September 13, 2012
Democratic government’s plodding regularities are certainly superior to despotism or prolonged anarchy. But one can’t help feeling it would be character-building for our political classes if a mob were to come around and break their windows now and then. The Duke of Wellington had “about thirty” of his broken in 1831. (His servant “fired two blunderbusses in the air from the top of the house, and [the mob] went off.”)
There was a nasty spell of turbulence in the streets of British cities last year. The moving spirits of those riots were not ethnic English, though, but immigrant subgroups. The trouble actually started when police shot a black drug dealer. White English hooligans joined the party when looting opportunities opened up.
The perspicacious reader may detect here some continuity with last week’s column, in which I told you that white people are pussies, but absence of turbulence is not the same as pussiness. Once they had calmed down after the Reform Riots, the later-Victorian English were unprecedentedly nonturbulent, but they were not pussies.
My forefathers went on in that admirable spirit of unpussified nonturbulence for a century and more until the 1960s, when everything went wrong.
You can thus have an absence of turbulence without pussification. The converse, however, is not true. Pussies are never turbulent. Pussitude and nonturbulence are not independent variables, but so far as there is any arrow of causation in play, it points from the first to the second.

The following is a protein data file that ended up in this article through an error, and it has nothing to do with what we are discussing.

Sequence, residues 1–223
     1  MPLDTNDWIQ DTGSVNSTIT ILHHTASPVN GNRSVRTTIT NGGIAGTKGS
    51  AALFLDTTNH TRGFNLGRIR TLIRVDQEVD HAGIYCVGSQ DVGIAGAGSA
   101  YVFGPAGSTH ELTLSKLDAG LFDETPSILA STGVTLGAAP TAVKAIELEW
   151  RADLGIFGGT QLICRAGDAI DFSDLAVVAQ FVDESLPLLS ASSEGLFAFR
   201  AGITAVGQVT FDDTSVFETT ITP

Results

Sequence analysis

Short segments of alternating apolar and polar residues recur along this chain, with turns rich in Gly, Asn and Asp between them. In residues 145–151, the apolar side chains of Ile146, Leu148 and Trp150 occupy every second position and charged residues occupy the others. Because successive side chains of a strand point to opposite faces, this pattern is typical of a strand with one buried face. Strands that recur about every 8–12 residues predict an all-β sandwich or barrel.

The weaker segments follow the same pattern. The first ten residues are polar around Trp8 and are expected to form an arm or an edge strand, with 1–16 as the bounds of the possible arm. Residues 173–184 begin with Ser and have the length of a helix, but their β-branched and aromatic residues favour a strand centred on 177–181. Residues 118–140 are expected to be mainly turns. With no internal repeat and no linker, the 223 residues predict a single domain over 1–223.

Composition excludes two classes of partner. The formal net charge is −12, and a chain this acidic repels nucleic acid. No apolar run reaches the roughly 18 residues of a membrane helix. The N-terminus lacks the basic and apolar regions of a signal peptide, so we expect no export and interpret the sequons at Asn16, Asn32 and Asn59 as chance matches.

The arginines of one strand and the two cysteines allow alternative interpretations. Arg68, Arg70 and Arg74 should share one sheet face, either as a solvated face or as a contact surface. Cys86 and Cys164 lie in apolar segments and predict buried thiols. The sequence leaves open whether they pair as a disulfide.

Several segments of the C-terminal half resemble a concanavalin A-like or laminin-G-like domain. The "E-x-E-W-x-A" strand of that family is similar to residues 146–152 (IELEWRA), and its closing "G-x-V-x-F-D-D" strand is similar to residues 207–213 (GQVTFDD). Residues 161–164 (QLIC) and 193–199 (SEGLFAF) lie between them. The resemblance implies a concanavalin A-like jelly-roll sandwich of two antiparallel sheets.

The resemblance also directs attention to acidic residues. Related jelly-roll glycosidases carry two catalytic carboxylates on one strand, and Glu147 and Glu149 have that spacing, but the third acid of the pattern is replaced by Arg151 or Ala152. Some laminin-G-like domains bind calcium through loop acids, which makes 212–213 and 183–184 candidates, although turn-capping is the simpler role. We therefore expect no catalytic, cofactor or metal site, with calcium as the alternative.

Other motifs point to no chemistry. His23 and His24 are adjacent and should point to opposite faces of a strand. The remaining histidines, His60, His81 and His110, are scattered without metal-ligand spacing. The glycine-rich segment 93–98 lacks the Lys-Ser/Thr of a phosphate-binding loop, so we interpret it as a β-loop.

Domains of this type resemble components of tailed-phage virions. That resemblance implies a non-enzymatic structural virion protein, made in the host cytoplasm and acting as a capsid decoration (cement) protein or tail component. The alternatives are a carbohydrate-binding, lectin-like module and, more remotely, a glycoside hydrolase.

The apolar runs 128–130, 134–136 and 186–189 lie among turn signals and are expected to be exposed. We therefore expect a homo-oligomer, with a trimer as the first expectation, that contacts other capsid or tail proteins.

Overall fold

We should expect no turbulence among white people in the near future. Window-breaking there may be, but outside of a few remaining pockets of vitality such as Belfast, it won’t be whites lobbing the stones. Fattened by prosperity, soothed by the welfare state, and cowed by the missionaries of guilt, whites will limit their protests to voting for Tweedledum rather than Tweedledee, to genteel gatherings in rented halls, to comment threads on the dwindling number of news websites that still allow them.
And no, I won’t make any exceptions for the Slavs, in spite of a blizzard of angry emails from east of the Oder-Neisse Line last week. I can’t speak with confidence of Poles, Czechs, Bulgars, and Serbs, but the Russians’ last spasm of turbulence was in 1917. Perhaps mindful of how that turned out, they have retreated from turbulence into their immemorial traditions of sloth, fatalism, and drunkenness, with dire consequences for their total fertility rate.
As so often, Orwell nailed it: We”not only the English, but Europeans everywhere”have lost our turbulence.